Cover image for The PAss the HAsh AttAck

The PAss the HAsh AttAck

simmms profile image Simmms Updated on ・3 min read

Attackers love passwords and many password attacks require attackers to first crack a stolen password before he/she can be authenticated into an unauthorized system. An example of such an attack is Bruteforcing, a situation where an attacker enters different passwords into a system with the hopes of eventually guessing the right one, the simplest type of attack right now. Another variation of a password attack is done using Rainbow tables. The attacker uses a table with a list of hashes and/or passwords (probably created by him/her), compares it to stolen password hashes in a compromised database (again, probably compromised by him/her) if any values match, the attacker is authenticated. Of course, these methods can be time-consuming and in many cases, the attacker is unable to gain access to the system. Introducing the Pass-the-hash-attack, a password attack that requires the hash of a password alone for authentication thanks to the Single-Sign-On feature in Windows. This attack is possible due to a vulnerability found in the Single-Sign-On authentication process in Windows 8 OS and lower.

In a Windows domain environment, the Single sign-on feature allows a user (client) log in to a server once and is authenticated to access other resources on the domain as opposed to logging in every time the user needs to use a resource (e.g, servers, applications, etc.) convenient, isn't it? The first time a user logs in to a server, the user's password is converted to an NTLM(New Technology LAN Manager) hash and together with the user's username, both are stored in the memory of the LSA(Local Security Authority) and a process called the Local System Subsystem Service process (LSASS.exe) authenticates and creates a login session to the local system/user/client so that the user can access multiple resources on the server without prompting the user to log in every single time and this is how the authentication process works. When the user/client/Local system needs to access a resource on let's say a file server, the file server challenges the client by sending it a random 16-byte number. The client encrypts that number using the user's NTLM password hash and sends that response to the file server, this is called the NTLM challenge and response. The file server sends the Username of the user, its challenge (plain text 16-byte number), and the client's response (encrypted 16-byte number) to the domain controller. The domain controller decrypts the client's response ( encrypted 16-byte number) using the user's NTLM password hash and if the answer is the same as the file server's challenge (plain text 16-byte number) the user is authenticated. How then is the Pass the Hash Attack Possible?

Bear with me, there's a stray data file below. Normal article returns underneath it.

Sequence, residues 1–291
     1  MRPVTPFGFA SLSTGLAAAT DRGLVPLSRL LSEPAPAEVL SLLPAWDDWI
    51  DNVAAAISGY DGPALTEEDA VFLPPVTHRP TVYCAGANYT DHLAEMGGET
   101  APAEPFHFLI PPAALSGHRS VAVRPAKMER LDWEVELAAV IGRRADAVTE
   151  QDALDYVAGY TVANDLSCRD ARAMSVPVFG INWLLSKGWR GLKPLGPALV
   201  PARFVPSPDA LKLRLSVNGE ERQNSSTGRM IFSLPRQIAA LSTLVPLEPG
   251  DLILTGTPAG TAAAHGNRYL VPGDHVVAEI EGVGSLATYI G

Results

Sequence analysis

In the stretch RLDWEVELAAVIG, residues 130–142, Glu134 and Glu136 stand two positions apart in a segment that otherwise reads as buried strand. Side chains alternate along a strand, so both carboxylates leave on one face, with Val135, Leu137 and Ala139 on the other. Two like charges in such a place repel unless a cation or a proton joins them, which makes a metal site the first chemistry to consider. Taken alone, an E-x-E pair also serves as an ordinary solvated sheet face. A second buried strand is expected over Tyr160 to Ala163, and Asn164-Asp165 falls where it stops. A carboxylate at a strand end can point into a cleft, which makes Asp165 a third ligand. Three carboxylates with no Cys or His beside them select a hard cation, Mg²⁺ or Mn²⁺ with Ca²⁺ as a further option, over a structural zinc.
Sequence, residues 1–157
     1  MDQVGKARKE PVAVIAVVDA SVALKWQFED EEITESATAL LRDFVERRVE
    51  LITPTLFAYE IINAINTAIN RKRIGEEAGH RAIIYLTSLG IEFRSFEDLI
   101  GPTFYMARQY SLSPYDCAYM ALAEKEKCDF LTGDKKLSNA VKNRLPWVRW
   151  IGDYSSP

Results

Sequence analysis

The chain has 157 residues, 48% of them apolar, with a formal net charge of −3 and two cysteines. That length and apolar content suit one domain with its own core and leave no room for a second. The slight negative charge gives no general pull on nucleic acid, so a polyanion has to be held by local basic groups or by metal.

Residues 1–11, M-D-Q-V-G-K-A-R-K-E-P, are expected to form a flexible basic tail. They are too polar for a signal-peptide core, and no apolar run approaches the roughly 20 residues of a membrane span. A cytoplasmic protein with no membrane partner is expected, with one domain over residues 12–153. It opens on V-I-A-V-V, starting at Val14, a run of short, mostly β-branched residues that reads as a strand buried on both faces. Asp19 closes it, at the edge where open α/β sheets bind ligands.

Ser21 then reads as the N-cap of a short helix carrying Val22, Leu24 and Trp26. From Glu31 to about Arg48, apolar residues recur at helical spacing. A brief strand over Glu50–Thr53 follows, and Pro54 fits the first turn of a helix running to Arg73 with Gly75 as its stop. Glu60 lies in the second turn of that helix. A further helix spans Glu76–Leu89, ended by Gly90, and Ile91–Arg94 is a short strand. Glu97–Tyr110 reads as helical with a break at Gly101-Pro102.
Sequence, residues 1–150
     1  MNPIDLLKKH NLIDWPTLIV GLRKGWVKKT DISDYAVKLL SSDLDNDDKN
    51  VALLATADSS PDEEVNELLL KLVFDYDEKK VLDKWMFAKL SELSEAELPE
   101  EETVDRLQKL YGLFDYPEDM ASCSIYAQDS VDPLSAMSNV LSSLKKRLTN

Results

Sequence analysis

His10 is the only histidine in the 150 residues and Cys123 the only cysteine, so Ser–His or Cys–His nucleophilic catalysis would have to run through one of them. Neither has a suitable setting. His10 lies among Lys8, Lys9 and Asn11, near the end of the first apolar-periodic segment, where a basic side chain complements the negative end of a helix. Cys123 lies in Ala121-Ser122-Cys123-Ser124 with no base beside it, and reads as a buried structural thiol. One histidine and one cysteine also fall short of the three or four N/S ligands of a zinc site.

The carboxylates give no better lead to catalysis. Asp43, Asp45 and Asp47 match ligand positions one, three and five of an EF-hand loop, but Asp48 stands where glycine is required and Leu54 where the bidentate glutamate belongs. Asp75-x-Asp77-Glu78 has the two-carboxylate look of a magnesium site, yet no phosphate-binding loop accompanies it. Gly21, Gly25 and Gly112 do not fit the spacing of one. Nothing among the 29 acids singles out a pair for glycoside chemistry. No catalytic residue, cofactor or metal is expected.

The goal of the Pass the Hash attack is to gain admin rights into the Domain controller. The Domain Controller is a server that responds to security authentication requests of other servers in the domain before they allow clients access to their resources. If an attacker gains domain admin rights to a domain controller, he/she can authenticate himself/herself to use resources on any server in the domain. To carry out the attack, he/she already has to have admin rights to any system on the network(pretty easy nowadays with malware or social engineering attacks) which would then allow him/her laterally on the network. With the admin rights the attacker has, he/she can access a list of usernames and NTLM password hashes of everyone who has logged into the system both remotely and locally including the domain admin's; the end goal of the attacker. If the domain admin happens to be one of the users who have logged to that system remotely, the attacker passes the domain admin's username and NTLM password hash to the LSASS.exe process which in turn uses it to encrypt the 16-byte challenge number from whatever server he/she is trying to access including the authentication server (Domain Controller). Obviously, the resulting value of that process would correlate with the value the Authentication Server would have; the attacker is authenticated. With this simple process, all clients and servers on the network are at the mercy of the attacker to do whatsoever he/she desires; steal private info, lock the legitimate admin out of the system, delete or change stuff, and many more.
However, in Windows 10, authentication is no longer done by just the server but the server and the user and also makes use of the Primary Refresh Token for every resource being accessed on the network domain.

Thanks for reading!

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